Another landmark action taken by Ayade since his assumption of office as governor is his investment in the psychology of workers in the state. Before he came in the saddle, irregular payment of salaries was threatening the joys of workers in the state. But upon assumption of office, Ayade introduced a fresh initiative to tackle the problem. He invited all stakeholders including banks operating in the state to a brainstorming session to proffer solution to the problem and came up with the resolution that henceforth, workers would get their salaries on the 25th of every month.

The governor, however, surpassed that by paying even earlier than the date he officially declared. For instance, on a number of occasions he had paid salaries on the 13th, 20th and surprisingly on the 1st of May as a gesture to and solidarity with the organized labour. He has paid the salary up to date to pave way for the new order and has thus motivated workers in the state to put in their best and support his new vision for the state.

Upon his assumption of office, Ayade discovered that he was inheriting an aging workforce in the civil service. What did he do? He swiftly lifted the 23-year old freeze on recruitment and ordered fresh intakes as a way of reinvigorating the jaded civil service. This is in addition to other job creating opportunities that are beckoning.

The dynamism and intellectual reasoning that Ayade has brought to bear on government business just within months of his ascension to the exalted throne is legendary.

For those who had been to Cross River State from the administration of Donald Duke to the last days of the Imoke years, it was indisputable that Calabar was the cleanest state capital in Nigeria. The story is told of how a United States-based Nigerian from Enugu state visited Calabar during the 2013 annual Calabar Carnival and Christmas Festival. Within just two weeks of his stay in Cross River State, having been treated to the traditional hospitality of the people, the palatable cuisines and, above all, the environment, topography and landscaping, the young man went back to California to pick his wife and two kids to Calabar where they have now made their permanent place of abode. Calabar still remains one of Nigeria’s very clean cities as Ayade personally supervises the evacuation of refuse. Everywhere, the governor is seen giving instructions or directives to people to carry out one assignment or the other while he implements some himself.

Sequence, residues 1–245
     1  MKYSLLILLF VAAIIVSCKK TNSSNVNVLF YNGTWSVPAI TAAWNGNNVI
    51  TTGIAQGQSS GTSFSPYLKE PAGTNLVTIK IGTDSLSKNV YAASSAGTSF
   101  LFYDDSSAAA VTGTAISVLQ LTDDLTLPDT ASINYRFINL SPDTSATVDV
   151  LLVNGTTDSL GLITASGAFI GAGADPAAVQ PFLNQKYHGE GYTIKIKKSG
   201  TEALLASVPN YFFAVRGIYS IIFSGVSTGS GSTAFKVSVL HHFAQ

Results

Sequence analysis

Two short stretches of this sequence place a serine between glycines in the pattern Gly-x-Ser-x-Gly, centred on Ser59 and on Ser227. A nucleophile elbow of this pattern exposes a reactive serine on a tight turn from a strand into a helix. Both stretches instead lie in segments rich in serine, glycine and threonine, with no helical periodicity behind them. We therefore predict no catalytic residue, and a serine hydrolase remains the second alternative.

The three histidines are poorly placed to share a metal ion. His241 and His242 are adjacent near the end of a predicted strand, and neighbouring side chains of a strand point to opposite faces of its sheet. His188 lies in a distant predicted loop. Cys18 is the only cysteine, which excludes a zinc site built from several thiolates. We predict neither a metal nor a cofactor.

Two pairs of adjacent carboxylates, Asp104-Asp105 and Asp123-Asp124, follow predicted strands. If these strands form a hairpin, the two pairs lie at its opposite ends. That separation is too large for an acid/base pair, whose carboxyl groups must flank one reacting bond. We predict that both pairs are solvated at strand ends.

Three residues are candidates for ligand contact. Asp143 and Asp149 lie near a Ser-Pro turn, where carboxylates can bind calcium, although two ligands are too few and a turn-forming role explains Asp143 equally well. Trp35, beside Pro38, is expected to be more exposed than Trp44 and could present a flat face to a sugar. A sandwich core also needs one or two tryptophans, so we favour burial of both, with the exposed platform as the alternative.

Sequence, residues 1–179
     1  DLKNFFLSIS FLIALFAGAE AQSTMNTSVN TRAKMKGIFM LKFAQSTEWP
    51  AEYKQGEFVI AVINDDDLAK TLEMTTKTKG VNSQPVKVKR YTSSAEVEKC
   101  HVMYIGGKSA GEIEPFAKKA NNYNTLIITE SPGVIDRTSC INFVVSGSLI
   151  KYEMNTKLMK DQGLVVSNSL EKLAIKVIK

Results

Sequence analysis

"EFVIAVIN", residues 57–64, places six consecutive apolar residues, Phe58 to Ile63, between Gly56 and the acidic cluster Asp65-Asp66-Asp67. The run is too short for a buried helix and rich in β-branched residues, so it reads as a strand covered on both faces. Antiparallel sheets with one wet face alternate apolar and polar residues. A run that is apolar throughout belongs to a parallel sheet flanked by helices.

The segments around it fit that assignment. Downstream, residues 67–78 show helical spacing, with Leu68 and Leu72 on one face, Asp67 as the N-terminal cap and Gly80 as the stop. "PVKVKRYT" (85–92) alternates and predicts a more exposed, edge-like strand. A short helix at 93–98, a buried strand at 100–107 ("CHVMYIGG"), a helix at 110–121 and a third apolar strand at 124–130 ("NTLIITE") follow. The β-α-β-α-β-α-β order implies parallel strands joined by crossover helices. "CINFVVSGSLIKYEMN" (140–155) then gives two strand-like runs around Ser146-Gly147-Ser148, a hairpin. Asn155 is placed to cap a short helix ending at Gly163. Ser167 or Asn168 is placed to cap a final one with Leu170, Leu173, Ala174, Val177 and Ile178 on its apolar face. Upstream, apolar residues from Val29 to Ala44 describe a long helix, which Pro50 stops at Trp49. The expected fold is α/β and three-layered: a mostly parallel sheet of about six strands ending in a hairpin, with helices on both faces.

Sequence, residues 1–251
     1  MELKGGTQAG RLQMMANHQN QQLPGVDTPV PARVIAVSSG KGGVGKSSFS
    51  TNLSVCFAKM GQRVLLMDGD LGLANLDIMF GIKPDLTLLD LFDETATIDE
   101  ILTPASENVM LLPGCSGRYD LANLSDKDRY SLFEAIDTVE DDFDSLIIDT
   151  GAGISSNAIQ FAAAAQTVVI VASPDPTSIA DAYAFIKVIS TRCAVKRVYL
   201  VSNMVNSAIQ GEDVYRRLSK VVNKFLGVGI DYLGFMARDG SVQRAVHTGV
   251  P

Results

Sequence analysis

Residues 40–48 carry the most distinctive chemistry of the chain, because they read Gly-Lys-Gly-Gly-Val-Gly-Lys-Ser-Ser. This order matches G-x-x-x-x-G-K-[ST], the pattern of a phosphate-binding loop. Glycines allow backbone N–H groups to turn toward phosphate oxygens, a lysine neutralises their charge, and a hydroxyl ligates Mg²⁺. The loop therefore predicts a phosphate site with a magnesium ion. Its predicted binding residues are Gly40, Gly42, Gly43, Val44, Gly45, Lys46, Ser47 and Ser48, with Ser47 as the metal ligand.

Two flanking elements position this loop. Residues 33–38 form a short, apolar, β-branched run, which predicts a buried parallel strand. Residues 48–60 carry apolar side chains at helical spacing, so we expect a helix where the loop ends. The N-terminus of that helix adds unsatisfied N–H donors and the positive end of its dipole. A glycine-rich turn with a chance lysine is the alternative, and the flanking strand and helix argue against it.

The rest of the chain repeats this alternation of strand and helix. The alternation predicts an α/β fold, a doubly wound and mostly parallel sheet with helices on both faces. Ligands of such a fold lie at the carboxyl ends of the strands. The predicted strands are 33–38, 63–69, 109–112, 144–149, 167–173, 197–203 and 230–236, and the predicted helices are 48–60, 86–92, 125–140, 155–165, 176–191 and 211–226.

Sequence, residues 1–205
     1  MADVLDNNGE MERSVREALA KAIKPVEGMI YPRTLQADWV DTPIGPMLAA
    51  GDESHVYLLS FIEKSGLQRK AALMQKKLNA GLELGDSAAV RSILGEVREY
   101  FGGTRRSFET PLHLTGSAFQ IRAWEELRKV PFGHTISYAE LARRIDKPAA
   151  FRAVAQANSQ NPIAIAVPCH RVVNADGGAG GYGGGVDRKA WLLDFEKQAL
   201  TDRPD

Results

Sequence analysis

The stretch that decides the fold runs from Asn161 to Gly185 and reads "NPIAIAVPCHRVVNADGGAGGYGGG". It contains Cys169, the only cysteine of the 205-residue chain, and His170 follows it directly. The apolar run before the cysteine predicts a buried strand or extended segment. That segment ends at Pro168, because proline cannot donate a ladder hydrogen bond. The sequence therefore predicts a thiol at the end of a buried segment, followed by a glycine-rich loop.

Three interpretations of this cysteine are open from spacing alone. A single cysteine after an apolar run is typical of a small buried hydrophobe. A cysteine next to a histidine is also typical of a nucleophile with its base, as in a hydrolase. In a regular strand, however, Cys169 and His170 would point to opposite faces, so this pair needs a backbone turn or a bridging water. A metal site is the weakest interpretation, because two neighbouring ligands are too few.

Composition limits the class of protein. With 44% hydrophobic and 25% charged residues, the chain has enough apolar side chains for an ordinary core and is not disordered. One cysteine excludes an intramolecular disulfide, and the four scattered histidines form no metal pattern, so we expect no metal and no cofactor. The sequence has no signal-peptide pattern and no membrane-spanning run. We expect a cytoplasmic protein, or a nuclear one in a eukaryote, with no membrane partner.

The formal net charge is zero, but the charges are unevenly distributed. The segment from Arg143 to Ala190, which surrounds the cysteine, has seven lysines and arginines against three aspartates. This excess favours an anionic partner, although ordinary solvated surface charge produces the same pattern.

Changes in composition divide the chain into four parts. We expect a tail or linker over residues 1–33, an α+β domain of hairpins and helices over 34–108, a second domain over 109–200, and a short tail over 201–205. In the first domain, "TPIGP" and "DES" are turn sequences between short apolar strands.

His administration has also commenced the city capping exercise, to increase urban afforestation and green areas across the city of Calabar.

Yet, undoubtedly, Senator Ayade, a renowned professor of Microbiology could not have manifested such populist ethos out of the blue. At the Seventh Senate where he represented Cross River North Senatorial District, until recently when he stepped aside to contest the governorship primaries of his state, Ayade was one of the most active voices. As a parliamentarian who was at home with the condition of his people, his contributions to debates and sponsorship of bills were always proofs of his undying love for the poor and the downtrodden in Nigeria. Whatever action he undertook in the Upper Chamber of the National Assembly was always a direct reflection of his compassion and feelings for the man in the street. Before he left the senate in which he was inaugurated on June 6, 2011 as a greenhorn, Ayade’s prodigious output of bills was overwhelming.

He sponsored a total of eighteen (18) bills, the second highest in the life of the Seventh National Assembly. Some people may assail his style as too liberal because of his penchant for getting things done immediately. But his preference for innovative, non-bureaucratic way of governing is more democratic than the old government model- centralized, top-down, offering standardized services delivered by public monopolies, which worked well during the colonial era but no longer fits the needs of our increasingly diverse society in the Information Age. Not only does the governor run an all-inclusive administration with open door policy, the man is a model of civilised political culture. As he is poised to complete these projects and generate employment for our teeming graduates, Cross Riverians should drum up support for this philosopher King and should not allow anything to distract him.

Dr. Orjiakor is an Abuja-based commentator on national issues.